When I recently read the post about Andrew White, a PCA elder and a Democratic candidate for the Governor of Texas (The Aquila Report, January 26), I was disheartened, to say the least.  What bothered me most is that he seemed to imply that since both abortion and homosexual marriage are the law of the land, they must be right and good in a democratic society.

I know most leaders in the PCA are rather disturbed by his position, but then I finally concluded that this seems rather inconsistent on their part. His presuppositions about the personal nature of religion and the public nature of civil law explain his views very clearly. He is just consistent with his presuppositions.

His approach is deduced from what is called two-kingdom theology.  There are two kingdoms in this world (and here I am not referring to the Kingdom of God and the Kingdom of Satan).  Two-kingdom theology is a view that divides the world into two separate spheres – one is the church (or the Kingdom of God), and the other is the state or the realm of the civil government.  The Bible gives us guidelines pertaining to the arena of the church, but not for the civil magistrate.  The civil magistrate must determine right and wrong from either natural law or the democratic process.

Natural law in history has been described as the rules that come from general revelation (creation and conscience), however today it a reference to the principles discovered independent of the Bible by men who use the scientific method.  If it works for mathematics and chemistry, modern man has concluded that it must also work for social and political science too.  If modern man concludes that abortion is the right of every woman to choose what is best for her own body, and that same-sex attraction is as natural as an opposite-sex attraction, then this must be reflected in the law of the body-politic.

A second complement of this natural law approach is the democratic process. If natural law struggles to define right and wrong, then in a Democracy there is always the final authority of the voice of the people. The only problem here is that in the United States, the voice of the people has been supplanted by the voice of the Supreme Court, and they usually appeal to natural law.

Both natural law and the democratic process determine civil law for the body-politic. The Bible has no place in the body-politic. The Bible is a religious document and it must be restricted to the realm of the church and personal faith.  The State must remain neutral toward religion.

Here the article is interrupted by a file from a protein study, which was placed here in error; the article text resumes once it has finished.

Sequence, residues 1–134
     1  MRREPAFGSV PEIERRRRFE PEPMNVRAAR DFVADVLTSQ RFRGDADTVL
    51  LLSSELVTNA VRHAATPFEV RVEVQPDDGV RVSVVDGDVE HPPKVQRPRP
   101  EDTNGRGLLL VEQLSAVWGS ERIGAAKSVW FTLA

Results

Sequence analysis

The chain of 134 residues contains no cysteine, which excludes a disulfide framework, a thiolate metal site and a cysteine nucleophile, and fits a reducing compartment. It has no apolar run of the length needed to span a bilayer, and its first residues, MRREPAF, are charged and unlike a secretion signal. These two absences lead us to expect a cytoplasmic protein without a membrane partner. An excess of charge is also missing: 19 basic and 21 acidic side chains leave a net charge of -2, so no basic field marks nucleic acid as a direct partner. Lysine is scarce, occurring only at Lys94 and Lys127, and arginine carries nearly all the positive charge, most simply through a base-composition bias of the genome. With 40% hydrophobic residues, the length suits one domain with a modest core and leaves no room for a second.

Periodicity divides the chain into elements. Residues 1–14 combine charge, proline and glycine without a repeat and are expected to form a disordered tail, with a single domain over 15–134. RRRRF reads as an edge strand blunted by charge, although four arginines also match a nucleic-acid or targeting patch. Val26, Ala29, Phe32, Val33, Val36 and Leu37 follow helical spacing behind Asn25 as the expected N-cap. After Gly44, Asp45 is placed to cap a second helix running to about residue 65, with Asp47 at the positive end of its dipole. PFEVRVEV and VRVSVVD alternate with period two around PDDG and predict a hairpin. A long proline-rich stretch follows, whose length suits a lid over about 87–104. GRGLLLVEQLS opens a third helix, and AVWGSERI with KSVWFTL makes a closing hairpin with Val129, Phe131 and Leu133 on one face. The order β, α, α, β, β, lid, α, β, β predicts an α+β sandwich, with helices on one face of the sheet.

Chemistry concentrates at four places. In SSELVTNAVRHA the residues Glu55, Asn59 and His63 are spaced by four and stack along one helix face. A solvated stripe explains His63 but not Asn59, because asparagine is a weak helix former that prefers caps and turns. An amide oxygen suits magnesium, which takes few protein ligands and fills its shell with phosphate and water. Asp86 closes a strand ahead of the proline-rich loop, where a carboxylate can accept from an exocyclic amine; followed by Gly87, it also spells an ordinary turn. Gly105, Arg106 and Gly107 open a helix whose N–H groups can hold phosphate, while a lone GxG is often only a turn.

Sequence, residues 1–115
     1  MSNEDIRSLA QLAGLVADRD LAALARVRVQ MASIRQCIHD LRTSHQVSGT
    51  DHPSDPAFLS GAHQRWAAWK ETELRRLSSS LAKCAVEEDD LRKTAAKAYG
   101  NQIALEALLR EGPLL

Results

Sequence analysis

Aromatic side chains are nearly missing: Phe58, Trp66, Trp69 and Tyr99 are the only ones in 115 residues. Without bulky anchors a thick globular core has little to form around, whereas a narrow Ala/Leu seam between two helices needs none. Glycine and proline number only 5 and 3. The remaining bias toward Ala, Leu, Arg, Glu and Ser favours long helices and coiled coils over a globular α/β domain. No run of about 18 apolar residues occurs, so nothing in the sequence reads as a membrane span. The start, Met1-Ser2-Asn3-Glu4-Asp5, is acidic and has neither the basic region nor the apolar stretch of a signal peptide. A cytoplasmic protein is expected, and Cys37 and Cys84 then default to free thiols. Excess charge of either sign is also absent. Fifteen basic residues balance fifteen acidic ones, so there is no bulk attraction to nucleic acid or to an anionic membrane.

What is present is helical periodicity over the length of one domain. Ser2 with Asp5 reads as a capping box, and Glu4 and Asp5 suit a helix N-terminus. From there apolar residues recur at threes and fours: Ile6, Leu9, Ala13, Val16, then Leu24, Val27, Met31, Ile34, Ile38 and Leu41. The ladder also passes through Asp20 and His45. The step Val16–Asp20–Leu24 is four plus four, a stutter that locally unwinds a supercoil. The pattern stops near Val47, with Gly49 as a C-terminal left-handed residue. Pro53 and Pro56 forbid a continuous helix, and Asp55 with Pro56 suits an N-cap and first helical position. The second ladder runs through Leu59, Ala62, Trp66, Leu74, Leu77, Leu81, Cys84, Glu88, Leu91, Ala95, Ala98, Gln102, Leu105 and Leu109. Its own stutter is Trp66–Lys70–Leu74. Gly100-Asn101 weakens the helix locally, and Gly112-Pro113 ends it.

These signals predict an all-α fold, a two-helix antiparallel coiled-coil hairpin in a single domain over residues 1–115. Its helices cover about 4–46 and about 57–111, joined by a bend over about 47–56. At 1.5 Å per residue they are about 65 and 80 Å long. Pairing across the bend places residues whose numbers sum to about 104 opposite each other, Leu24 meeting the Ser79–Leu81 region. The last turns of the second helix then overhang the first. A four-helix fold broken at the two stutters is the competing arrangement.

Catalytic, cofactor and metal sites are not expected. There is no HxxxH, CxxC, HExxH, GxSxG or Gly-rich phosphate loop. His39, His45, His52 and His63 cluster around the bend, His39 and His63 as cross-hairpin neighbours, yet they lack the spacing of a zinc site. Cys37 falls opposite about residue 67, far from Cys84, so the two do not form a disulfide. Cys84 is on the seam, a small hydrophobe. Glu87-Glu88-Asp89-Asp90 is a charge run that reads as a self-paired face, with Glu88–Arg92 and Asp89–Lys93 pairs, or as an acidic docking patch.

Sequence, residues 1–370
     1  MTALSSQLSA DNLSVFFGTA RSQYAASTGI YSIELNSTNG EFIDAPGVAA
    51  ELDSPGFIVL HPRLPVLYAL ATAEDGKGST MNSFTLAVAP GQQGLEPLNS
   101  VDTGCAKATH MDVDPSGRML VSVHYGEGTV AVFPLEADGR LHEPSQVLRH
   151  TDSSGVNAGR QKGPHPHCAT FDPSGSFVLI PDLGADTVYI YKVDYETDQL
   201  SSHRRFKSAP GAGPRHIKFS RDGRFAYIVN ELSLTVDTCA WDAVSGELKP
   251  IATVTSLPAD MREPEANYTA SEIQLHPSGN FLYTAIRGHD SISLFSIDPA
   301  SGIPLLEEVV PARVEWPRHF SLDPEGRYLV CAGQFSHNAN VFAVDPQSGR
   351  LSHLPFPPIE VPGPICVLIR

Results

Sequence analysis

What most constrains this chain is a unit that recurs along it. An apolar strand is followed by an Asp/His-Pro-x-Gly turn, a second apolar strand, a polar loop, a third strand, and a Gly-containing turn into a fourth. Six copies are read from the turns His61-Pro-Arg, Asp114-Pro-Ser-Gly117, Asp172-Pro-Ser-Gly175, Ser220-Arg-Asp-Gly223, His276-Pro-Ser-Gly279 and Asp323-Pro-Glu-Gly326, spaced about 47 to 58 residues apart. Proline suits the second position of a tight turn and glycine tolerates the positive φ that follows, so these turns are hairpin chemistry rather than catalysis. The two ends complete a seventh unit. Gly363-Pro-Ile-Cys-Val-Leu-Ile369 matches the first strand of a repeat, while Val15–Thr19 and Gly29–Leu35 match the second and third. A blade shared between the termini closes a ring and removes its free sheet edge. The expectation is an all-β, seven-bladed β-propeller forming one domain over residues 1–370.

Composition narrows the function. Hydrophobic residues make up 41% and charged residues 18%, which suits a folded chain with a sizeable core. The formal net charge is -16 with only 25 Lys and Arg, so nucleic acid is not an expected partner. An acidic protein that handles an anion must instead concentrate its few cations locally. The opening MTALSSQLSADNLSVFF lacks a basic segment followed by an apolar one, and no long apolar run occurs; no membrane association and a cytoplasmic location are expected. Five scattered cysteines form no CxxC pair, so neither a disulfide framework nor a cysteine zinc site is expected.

Thus, the result of two-kingdom theology is that Religion (Christianity) is personal, restricted to the heart, and the rules for the body politic must not be determined by the Bible. In America all religions are equal, and therefore all religions are equally irrelevant in the public square. Religion is only useful in so far as it makes people good citizens who are obedient to the law of the land.

Either natural law or the voice of the Supreme Court makes right in society as a whole. Mr. White admits that he and his wife would personally not choose abortion, but this is only a personal and therefore a religious matter. The Bible must not be brought into the arena of the civil magistrate. This is to mix church and state.

This is the view of Christianity in America and, in my opinion, the prominent view in the PCA as a whole. It finds its roots in Newtonian rationalism of the 17th century, and is exhibited in the thinking of our forefathers as they wrote the United States Constitution in the late 18th century. What we see in the views of Mr. White is the fruit of this thinking.  Therefore, even though I am disturbed with the position of Mr. White, I am really not surprised.  Knowing how prominent two-kingdom theology is in the PCA, I’m not sure that the PCA is equipped to handle this kind of problem.

Larry Ball’s article originally appeared in the February 5th, 2018, issue of the Aquila Report.

  1. William Blackstone, Commentaries on the Laws of England, 4 vols. (Chicago, IL: The University of Chicago Press, [1765–1769] 1979), 1:38, 41, 42. []
  2. Gary North, Political Polytheism (Tyler, TX: Institute for Christian Economics, 1989), xxii. []